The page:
Discrete Dynamics in Nature and Society

Volume 2019, Article ID 8959681, 22 pages

https://doi.org/10.1155/2019/8959681

## Some Formal Results on Positivity, Stability, and Endemic Steady-State Attainability Based on Linear Algebraic Tools for a Class of Epidemic Models with Eventual Incommensurate Delays

Correspondence should be addressed to M. De la Sen; sue.uhe@nesaled.leunam

Received 20 December 2018; Revised 20 May 2019; Accepted 16 June 2019; Published 8 July 2019

Academic Editor: Cengiz Çinar

Copyright © 2019 M. De la Sen et al. This is an open access article distributed under the Creative Commons Attribution License, which permits unrestricted use, distribution, and reproduction in any medium, provided the original work is properly cited.

#### Abstract

A formal description of typical compartmental epidemic models obtained is presented by splitting the state into an infective substate, or infective compartment, and a noninfective substate, or noninfective compartment. A general formal study to obtain the reproduction number and discuss the positivity and stability properties of equilibrium points is proposed and formally discussed. Such a study unifies previous related research and it is based on linear algebraic tools to investigate the positivity and the stability of the linearized dynamics around the disease-free and endemic equilibrium points. To this end, the complete state vector is split into the dynamically coupled infective and noninfective compartments each one containing the corresponding state components. The study is then extended to the case of commensurate internal delays when all the delays are integer multiples of a base delay. Two auxiliary delay-free systems are defined related to the linearization processes around the equilibrium points which correspond to the zero delay, i.e., delay-free, and infinity delay cases. Those auxiliary systems are used to formulate stability and positivity properties independently of the delay sizes. Some examples are discussed to the light of the developed formal study.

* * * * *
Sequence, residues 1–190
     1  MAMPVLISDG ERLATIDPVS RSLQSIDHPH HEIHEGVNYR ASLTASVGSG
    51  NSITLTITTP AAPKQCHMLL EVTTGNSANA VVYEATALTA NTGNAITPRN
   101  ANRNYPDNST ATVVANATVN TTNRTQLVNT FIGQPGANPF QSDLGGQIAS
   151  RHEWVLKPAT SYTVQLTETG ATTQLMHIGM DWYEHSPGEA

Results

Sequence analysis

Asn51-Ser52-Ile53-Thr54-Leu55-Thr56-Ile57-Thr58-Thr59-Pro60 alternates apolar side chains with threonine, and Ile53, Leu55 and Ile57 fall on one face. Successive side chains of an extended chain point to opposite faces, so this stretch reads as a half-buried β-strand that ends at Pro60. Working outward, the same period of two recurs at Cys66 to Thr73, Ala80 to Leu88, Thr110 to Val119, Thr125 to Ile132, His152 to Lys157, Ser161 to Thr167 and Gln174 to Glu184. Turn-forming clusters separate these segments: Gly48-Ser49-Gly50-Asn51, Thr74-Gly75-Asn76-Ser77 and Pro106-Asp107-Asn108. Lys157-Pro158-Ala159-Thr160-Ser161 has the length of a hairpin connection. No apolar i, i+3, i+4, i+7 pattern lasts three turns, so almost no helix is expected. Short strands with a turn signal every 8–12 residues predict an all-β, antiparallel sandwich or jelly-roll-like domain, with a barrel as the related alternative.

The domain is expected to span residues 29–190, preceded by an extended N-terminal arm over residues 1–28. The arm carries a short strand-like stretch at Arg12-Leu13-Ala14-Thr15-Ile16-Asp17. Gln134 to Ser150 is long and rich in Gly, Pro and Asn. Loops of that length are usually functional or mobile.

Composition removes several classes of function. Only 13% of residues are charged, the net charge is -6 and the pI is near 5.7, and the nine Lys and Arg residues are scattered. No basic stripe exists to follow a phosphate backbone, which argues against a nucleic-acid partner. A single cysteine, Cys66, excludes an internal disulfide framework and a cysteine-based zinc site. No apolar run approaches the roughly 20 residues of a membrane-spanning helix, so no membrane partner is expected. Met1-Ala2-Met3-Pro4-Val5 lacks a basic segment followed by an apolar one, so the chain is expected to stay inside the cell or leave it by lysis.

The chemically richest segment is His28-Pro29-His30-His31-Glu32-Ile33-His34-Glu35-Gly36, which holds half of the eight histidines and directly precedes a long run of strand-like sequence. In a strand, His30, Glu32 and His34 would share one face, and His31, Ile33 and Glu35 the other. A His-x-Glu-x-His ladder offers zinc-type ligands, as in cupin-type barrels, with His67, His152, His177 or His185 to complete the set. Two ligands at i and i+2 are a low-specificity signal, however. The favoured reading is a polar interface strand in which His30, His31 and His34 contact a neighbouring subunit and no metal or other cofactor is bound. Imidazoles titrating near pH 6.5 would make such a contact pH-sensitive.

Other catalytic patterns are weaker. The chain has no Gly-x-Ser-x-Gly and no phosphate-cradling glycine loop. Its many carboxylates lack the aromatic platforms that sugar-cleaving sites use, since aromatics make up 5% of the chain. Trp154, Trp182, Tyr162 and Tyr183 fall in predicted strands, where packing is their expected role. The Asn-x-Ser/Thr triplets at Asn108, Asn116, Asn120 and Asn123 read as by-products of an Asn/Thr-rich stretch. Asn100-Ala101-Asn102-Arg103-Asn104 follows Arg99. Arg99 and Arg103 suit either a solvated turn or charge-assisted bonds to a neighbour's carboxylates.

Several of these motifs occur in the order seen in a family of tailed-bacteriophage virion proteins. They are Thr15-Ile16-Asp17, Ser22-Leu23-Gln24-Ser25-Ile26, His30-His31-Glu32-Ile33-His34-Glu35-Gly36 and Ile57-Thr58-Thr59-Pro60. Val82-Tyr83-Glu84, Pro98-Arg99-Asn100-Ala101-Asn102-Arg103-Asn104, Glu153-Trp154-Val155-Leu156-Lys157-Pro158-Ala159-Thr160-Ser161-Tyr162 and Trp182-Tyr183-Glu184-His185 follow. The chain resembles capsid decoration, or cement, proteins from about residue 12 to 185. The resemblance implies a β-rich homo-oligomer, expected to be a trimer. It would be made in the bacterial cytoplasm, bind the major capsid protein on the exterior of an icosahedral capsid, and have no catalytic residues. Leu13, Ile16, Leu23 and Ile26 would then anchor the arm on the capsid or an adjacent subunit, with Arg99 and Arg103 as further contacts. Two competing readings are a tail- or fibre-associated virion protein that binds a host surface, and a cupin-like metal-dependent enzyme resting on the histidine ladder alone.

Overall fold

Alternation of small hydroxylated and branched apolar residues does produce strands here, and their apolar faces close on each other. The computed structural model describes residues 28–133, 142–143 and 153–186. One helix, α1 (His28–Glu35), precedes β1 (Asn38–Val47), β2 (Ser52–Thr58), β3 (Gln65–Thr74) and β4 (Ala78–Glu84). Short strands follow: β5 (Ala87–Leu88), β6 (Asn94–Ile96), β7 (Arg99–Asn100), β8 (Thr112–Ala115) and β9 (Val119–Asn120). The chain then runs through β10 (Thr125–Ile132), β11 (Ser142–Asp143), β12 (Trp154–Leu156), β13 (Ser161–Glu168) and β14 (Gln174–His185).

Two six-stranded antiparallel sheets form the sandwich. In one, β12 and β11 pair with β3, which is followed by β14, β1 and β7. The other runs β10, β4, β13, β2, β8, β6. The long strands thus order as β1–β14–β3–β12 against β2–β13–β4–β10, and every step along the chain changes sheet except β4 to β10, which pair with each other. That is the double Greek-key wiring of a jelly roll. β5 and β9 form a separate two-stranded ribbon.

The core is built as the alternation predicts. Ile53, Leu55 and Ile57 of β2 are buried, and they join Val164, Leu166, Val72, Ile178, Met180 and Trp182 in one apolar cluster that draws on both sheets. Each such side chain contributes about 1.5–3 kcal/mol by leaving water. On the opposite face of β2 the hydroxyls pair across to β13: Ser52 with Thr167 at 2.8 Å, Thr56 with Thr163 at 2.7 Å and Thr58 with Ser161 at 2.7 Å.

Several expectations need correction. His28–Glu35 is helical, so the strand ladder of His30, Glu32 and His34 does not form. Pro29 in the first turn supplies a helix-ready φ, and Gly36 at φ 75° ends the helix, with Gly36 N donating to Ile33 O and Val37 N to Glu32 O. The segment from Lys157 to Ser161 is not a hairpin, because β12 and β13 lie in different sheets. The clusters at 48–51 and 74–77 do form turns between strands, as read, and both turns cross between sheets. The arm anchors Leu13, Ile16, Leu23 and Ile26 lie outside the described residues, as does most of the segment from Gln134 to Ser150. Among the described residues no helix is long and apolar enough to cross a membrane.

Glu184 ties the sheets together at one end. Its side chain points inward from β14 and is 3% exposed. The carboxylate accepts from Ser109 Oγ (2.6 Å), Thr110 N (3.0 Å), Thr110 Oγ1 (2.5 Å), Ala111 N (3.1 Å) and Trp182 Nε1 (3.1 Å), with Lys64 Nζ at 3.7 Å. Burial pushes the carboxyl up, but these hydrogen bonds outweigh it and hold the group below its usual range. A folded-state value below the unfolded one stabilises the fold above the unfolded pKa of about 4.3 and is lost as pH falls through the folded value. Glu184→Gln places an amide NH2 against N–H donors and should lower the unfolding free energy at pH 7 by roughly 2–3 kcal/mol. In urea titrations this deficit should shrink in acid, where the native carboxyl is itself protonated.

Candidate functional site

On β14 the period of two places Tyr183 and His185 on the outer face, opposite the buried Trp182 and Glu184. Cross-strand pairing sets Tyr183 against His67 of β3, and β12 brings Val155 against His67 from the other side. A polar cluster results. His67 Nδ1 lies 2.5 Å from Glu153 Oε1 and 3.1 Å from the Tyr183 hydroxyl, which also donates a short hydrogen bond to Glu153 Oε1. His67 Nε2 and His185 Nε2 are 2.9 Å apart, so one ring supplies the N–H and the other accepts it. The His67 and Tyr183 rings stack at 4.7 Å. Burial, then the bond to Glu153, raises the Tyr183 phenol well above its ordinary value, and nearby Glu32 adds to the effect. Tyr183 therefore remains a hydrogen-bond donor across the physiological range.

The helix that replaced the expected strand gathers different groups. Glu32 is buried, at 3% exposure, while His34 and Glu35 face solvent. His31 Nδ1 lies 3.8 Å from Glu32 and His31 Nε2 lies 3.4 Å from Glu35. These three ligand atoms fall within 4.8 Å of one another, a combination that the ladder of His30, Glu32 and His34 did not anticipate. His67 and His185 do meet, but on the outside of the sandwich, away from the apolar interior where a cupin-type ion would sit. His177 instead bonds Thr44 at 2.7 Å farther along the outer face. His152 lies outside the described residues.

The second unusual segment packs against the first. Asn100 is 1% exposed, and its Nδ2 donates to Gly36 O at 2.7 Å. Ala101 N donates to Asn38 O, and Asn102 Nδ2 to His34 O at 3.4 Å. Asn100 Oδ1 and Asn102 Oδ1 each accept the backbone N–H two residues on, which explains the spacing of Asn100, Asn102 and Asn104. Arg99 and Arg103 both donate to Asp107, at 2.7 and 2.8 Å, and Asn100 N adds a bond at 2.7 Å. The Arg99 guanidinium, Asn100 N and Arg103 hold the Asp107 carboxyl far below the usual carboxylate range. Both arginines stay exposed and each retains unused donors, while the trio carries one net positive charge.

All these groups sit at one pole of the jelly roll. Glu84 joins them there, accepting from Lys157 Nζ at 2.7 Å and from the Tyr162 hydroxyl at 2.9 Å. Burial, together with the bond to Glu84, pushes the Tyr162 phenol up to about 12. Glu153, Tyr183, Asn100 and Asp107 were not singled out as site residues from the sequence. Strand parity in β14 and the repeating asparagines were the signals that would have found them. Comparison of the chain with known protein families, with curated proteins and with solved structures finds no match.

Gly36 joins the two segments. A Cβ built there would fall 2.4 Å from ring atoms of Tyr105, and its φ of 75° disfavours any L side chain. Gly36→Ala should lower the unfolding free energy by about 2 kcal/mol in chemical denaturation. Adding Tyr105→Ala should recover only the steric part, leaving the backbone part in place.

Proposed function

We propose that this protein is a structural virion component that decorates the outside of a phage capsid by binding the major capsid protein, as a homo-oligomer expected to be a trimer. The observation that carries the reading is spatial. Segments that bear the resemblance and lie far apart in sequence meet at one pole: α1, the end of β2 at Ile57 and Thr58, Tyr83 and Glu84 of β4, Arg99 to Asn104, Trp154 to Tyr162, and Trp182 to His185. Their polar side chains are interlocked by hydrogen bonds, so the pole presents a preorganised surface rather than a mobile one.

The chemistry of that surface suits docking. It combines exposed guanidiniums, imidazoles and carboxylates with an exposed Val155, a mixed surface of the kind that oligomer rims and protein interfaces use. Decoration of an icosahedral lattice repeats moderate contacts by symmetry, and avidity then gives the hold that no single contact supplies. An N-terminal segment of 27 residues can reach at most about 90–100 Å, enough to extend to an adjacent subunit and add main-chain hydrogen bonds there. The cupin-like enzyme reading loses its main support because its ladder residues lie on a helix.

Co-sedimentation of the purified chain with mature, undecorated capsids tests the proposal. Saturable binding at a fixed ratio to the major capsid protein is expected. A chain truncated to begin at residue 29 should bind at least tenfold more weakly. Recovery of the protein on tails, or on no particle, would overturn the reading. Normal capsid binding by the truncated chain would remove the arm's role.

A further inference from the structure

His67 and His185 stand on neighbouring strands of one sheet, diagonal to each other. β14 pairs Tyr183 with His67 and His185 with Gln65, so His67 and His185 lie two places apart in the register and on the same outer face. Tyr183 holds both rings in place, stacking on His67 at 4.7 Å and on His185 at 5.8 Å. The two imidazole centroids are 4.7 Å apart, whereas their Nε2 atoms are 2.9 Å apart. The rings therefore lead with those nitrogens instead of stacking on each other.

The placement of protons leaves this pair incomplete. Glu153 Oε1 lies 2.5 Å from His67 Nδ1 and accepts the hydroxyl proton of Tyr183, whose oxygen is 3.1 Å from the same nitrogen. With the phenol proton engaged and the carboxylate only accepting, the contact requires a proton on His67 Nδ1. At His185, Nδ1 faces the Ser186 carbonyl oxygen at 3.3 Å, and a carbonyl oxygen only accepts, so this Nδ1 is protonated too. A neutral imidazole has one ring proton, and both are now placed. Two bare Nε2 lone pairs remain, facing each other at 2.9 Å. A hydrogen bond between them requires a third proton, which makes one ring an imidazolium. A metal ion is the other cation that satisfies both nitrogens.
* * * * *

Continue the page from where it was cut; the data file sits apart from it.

#### 1. Introduction